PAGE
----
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Review: 2014 Nissan e-NV200 Electric Van (Cargo Version)

It’s been a while since this reviewer has driven a van but, needs must when you’re moving house and, what better way to tackle the move in something quite unique in the world of vans; the 2014 Nissan e-NV200 – an all-electric delivery van.

Delivered clean and White

Delivered clean and White

Based on the Nissan NV200 van platform, the 80kW drivetrain and 24kWh battery for e-NV200 has been transplanted from cousin Leaf almost unchanged. The only notable difference being that the pack features active cooling in anticipation of its harder, frequent-fast-charging life. The underlying body, unlike the Leaf is also available in a range of traditional power plants – We had the opportunity to speak with an owner of a diesel powered NV200 who commended the basic version of the van for its versatility, performance and overall quality.

Wide opening rear doors offer easy access

Wide opening rear doors offer easy access

Cargo space in the e-NV200 is 4.2 cubic metres (148 cubic feet) up to 770kg/1,700LB. The space is accessed through sliding doors on each side and wide opening rear doors. Inevitably, with this size of van, the wheel wells encroach a little.


Instruments and centre stack showing Carwings navigation unit

Instruments and centre stack showing Carwings navigation unit

Driving the e-NV200 is a van first, EV second experience. The size is comparable to a medium to full-size SUV but with the driver sat upright and far forwards. Lack of a center rear-view mirror is amply compensated for by large folding side mirrors and an effective rear-view reversing camera that features steering angle gridlines and distance markings. No parking sensors was a surprise and we can’t help thinking that this vehicle would be a perfect platform for Nissan’s Around View Monitor® system – a camera pack that simulates a birds-eye view of the vehicle exposing any and all objects around the vehicle whilst maneuvering. Driving controls mimic a traditional drivetrain with artificial transmission creep and limited regenerative breaking on the accelerator. An EV driver friendly “B” driving mode increases the regenerative breaking on the accelerator making driving easier and more comfortable.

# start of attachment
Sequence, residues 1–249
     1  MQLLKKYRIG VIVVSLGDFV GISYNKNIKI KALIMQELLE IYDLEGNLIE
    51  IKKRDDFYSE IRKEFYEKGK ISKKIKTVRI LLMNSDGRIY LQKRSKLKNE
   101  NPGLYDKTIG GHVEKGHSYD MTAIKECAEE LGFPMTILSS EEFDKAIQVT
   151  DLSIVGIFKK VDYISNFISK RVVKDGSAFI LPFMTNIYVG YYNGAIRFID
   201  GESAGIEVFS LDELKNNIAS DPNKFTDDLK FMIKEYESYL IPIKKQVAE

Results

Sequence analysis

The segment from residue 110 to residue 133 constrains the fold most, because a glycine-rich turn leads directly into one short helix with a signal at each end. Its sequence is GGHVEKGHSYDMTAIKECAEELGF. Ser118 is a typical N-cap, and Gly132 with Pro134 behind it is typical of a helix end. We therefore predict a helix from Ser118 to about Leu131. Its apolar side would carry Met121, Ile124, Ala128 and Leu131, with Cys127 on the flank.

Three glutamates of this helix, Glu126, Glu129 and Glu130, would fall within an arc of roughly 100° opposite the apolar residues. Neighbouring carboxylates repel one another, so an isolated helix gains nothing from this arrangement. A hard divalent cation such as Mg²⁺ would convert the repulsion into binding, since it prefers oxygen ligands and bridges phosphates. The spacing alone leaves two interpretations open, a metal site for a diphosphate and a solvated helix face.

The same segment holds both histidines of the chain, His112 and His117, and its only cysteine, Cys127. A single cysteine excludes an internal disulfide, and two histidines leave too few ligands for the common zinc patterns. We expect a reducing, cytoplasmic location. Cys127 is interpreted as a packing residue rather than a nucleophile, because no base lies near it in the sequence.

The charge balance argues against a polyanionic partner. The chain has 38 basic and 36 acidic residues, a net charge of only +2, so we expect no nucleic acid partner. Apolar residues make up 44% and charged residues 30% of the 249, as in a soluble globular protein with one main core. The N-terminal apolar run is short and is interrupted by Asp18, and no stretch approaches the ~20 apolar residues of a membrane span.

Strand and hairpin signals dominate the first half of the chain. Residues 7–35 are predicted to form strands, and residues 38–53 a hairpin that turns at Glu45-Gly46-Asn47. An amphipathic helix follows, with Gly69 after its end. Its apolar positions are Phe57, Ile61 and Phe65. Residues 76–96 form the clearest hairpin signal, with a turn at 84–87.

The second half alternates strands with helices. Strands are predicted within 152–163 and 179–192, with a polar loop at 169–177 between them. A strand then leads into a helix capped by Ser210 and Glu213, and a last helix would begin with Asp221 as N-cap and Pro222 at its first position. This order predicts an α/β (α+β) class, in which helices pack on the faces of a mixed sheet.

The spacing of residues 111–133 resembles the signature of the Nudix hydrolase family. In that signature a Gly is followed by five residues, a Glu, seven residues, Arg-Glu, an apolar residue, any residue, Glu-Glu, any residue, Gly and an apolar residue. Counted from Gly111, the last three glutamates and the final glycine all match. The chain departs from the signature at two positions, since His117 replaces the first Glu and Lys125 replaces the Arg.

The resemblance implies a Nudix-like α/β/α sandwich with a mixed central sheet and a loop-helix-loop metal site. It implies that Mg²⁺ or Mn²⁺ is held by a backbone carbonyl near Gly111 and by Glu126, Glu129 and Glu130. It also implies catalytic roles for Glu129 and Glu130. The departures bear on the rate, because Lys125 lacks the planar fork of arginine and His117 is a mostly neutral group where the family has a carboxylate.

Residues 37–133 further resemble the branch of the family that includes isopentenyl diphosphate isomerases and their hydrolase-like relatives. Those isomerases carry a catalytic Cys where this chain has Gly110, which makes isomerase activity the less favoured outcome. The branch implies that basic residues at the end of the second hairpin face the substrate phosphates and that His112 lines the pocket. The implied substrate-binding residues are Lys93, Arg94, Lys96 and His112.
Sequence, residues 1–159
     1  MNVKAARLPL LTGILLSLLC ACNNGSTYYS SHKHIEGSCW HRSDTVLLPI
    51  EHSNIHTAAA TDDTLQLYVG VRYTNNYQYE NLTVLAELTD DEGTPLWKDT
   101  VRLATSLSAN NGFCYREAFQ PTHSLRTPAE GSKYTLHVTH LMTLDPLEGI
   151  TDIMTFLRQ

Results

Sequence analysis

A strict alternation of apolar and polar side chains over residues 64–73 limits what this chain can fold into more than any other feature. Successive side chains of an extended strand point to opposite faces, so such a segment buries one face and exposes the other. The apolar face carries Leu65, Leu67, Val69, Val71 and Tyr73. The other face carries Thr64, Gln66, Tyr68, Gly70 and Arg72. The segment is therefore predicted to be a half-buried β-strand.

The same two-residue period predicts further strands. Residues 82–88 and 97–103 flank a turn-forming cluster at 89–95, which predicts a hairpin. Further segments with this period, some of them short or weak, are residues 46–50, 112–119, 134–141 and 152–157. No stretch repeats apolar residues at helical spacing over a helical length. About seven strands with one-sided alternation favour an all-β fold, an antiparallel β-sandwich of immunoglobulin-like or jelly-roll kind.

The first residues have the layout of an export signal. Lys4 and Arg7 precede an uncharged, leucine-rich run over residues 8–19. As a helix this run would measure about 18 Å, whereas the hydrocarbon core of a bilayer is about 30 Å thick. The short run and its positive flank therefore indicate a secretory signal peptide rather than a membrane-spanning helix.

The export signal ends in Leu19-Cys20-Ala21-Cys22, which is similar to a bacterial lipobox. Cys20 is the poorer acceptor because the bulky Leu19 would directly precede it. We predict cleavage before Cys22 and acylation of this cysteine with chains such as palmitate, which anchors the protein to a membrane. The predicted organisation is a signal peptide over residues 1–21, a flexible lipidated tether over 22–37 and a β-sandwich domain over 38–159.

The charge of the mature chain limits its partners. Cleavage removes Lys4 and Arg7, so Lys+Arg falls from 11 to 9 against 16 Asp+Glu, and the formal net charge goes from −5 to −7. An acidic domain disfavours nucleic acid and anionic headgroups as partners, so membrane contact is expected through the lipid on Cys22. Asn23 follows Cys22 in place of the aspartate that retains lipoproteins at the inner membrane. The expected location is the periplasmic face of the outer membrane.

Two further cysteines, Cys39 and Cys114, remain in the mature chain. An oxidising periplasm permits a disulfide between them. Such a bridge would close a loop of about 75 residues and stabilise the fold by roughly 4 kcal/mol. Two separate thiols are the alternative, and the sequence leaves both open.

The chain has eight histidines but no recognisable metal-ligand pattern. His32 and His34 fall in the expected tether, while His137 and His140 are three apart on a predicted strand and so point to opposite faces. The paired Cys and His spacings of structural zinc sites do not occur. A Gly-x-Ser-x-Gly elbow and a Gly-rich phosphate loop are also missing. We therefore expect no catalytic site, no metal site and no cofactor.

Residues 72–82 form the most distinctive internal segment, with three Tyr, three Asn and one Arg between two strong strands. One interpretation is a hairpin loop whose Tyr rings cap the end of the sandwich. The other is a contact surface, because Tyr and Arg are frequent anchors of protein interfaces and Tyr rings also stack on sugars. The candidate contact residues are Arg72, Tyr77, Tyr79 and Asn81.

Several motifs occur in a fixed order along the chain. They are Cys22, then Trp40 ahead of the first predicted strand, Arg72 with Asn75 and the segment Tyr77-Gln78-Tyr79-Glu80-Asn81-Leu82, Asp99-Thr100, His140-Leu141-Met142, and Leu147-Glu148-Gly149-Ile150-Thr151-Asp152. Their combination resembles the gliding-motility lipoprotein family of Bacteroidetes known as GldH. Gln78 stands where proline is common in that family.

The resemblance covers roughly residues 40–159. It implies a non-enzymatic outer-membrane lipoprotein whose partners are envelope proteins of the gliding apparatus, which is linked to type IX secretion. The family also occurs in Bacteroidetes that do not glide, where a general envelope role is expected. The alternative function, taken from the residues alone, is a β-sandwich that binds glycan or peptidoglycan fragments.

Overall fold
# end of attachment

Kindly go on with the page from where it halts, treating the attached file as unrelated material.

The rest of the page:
Out on the road, the unladen e-NV200 is firm and a little bouncy but that’s to be expected. Once loaded, it quickly hunkers down and becomes more compliant. Handling is surprisingly good with very quick steering, powerful brakes and most of all, effortless take-off. Unladen, the vans is really quick in traffic, 0-40mph is near hot-hatch fun, its extra 50kg/100Lb weight over the Leaf doesn’t seem to show too much. On the highway, it’s stable and predictable and remains punchy through to the legal limit. Where its electric power train really shines is how it behaves when it’s loaded… pretty much exactly the same. Where a traditional power train would need to rev up furiously up to deliver power, the electric drive train retains a serene dignity. Aimed at a very steep 20% grade, we tested a similar van from another manufacturer, unladen, it required second gear and a foot flat to the floor to manage little more than 25mph. The e-NV200 partially loaded flew up the same grade faster and without any of the trauma – nothing at all – windows open, the sound of birds tweeting in the distance – the gulf could not be any wider than the teeth chattering, ear splitting and terrified cattle scattering across the fields experience. The lack of noise pollution was also welcome each morning when we’d be up by 6am executing a tight three-point turn, moving the van from its charging spot to the street, right in the middle of suburbia – not a single net curtained twitched and no one lost a moments sleep.

2014 Nissan e-NV200 instrumentsRange varied by speed more than load. Around town, 70-80 miles was typically the limit, out of town, hitting 60mph stretches, the range fell to the 60’s. Adding heat on a mild day only dented range by 5-10% at most – the heat pump doing its job well. Heated seats and optional heated steering wheel were very welcome and had no practical impact on range. Overall we managed 3.5-4.2 miles/kWh which we think is very respectable.

Charging is also lifted from Leaf with J1772 and CHAdeMO options. The J1772 can be specified with either 3.3kW or 6.6kW onboard charger. Our review vehicle came with CHAdeMO and the beefier 6.6kW charger offering 4hr recharge at home or 30 minute fast charge along the route.


Nissan Carwings online energy monitoring

Nissan Carwings online energy monitoring